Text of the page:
Magma (from Ancient Greek μάγμα (mágma) meaning "thick unguent"[14]) is the molten or semi-molten natural material from which all igneous rocks are formed.[15] Magma is found beneath the surface of the Earth, and evidence of magmatism has also been discovered on other terrestrial planets and some natural satellites.[16] Besides molten rock, magma may also contain suspended crystals and gas bubbles.[17] Magma is produced by melting of the mantle and/or the crust at various tectonic settings, including subduction zones, continental rift zones,[18] mid-ocean ridges and hotspots. Mantle and crustal melts migrate upwards through the crust where they are thought to be stored in magma chambers[19] or trans-crustal crystal-rich mush zones.[20] During their storage in the crust, magma compositions may be modified by fractional crystallization, contamination with crustal melts, magma mixing, and degassing. Following their ascent through the crust, magmas may feed a volcano or solidify underground to form an intrusion[21] (e.g., an igneous dike or a sill). While the study of magma has historically relied on observing magma in the form of lava flows, magma has been encountered in situ three times during geothermal drilling projects—twice in Iceland (see Magma usage for energy production), and once in Hawaii.[22][23][24]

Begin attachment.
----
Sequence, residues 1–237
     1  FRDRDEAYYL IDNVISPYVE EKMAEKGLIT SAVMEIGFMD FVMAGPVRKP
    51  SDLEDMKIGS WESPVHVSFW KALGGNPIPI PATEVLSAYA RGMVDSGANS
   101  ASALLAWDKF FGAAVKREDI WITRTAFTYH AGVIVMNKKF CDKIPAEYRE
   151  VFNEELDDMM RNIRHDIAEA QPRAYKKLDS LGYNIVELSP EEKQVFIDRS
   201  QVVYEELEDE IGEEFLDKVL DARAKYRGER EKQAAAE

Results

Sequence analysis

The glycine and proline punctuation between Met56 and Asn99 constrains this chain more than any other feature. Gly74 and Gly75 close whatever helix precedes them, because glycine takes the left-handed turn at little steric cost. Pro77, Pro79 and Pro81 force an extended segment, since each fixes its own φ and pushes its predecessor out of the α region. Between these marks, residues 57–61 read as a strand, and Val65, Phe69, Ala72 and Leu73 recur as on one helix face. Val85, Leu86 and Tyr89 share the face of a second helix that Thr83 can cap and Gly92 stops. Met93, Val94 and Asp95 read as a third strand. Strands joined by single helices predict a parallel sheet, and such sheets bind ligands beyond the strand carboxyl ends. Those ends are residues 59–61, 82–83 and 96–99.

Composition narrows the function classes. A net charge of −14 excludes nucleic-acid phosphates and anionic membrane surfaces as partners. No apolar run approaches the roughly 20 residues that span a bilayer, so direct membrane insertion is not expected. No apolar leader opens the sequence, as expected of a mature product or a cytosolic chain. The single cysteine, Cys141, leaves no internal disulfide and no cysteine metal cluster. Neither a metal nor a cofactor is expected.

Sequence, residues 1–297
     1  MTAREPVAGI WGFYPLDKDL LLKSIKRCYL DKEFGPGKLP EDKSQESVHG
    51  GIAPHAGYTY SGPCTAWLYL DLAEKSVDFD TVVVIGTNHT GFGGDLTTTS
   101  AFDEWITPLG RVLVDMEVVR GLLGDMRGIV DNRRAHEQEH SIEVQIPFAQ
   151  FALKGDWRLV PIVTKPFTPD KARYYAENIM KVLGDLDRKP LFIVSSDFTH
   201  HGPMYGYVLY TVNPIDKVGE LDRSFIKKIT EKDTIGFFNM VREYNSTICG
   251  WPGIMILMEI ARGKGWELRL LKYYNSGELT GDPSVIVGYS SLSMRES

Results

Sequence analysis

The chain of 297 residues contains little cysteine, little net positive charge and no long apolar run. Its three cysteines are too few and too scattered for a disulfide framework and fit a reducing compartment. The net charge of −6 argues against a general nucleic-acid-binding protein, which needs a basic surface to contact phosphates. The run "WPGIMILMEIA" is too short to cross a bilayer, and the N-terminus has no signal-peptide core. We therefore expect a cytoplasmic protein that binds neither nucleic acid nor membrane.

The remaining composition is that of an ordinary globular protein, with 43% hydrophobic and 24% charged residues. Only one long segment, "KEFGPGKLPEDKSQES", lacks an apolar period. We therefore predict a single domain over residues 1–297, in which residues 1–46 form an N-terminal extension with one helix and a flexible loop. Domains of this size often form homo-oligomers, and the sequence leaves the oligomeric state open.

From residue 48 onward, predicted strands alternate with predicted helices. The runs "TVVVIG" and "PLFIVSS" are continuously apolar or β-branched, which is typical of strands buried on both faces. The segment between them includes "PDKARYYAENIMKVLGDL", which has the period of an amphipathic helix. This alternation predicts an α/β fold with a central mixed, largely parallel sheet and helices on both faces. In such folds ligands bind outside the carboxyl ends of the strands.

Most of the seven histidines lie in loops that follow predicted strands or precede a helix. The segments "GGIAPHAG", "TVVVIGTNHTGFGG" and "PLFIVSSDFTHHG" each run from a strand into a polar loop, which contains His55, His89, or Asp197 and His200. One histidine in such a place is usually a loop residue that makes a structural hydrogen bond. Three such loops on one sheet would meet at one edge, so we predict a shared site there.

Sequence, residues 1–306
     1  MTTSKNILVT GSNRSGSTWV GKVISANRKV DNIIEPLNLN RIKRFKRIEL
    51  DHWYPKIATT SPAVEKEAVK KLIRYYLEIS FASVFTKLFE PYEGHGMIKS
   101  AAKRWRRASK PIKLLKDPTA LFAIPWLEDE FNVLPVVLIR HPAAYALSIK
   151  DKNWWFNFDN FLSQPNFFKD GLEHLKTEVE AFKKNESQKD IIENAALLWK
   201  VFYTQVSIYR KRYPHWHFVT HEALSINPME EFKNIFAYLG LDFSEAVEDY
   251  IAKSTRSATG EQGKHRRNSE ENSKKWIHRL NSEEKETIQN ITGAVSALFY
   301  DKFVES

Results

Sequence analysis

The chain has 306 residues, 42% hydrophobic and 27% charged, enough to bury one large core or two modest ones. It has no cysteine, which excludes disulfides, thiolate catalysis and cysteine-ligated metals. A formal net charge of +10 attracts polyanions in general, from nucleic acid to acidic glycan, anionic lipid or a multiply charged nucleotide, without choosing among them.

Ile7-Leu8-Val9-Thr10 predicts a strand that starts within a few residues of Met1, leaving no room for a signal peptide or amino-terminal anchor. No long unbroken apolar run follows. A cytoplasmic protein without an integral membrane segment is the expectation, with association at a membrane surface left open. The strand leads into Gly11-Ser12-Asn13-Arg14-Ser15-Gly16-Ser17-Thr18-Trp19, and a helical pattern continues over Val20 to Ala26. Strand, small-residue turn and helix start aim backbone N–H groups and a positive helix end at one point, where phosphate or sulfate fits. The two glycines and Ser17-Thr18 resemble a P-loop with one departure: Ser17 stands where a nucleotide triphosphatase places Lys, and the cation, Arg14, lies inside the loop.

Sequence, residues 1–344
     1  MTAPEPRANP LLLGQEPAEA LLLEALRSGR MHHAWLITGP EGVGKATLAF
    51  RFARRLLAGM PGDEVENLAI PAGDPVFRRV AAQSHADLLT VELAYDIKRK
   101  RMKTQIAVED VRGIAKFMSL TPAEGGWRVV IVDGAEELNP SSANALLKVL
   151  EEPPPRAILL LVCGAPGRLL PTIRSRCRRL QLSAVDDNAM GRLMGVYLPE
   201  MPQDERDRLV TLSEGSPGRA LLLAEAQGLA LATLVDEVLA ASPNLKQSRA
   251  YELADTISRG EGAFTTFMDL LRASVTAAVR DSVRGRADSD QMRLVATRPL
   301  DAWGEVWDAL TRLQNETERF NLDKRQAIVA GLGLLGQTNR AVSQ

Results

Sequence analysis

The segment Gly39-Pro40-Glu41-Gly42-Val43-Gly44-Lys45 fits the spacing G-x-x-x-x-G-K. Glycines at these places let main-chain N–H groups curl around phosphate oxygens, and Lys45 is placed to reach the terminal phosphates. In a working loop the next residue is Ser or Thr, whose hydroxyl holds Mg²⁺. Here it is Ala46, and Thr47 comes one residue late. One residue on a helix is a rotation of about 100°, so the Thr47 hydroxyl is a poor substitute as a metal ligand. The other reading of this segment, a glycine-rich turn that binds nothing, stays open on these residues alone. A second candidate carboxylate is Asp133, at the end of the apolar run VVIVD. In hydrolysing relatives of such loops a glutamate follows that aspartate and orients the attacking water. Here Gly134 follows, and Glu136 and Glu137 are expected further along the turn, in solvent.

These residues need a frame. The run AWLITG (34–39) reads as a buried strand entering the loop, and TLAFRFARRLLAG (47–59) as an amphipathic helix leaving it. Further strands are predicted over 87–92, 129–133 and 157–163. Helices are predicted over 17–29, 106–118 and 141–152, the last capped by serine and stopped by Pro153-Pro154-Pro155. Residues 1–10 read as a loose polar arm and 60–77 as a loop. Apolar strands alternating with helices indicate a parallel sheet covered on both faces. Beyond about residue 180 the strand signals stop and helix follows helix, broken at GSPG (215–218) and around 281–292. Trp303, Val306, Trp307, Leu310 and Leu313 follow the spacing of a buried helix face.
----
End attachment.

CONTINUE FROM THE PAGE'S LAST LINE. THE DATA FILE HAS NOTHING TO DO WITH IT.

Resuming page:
Most magmatic liquids are rich in silica.[21] The physical behaviours of melts depend upon their atomic structures as well as upon temperature and pressure and composition.[25]

Temperatures of most magmas are in the range 700 °C to 1300 °C (or 1300 °F to 2400 °F), but very rare carbonatite magmas may be as cool as 490 °C,[26] and komatiite magmas may have been as hot as 1600 °C.[27]

Type Density (kg/m3)
Basalt magma 2650–2800[28]
Andesite magma 2450–2500[28]
Rhyolite magma 2180–2250[28]

The most common mechanisms of magma generation in the mantle are decompression melting,[29] heating (e.g., by interaction with a hot mantle plume[30]), and lowering of the solidus (e.g., by compositional changes such as the addition of water[31]).

Under pressure within the earth, as little as a fraction of a percent of partial melting may be sufficient to cause melt to be squeezed from its source.[32]

The "Borgarhraun eruption of Theistareykir, a volcano in northern Iceland, [...] took place around 10,000 years ago. Previous studies have shown the magma that fed this eruption came directly from the Mohorovičić discontinuity (the Moho), where Earth’s crust meets its mantle, at a depth of about 24 kilometers—far deeper than geophysical methods can see clearly."[33]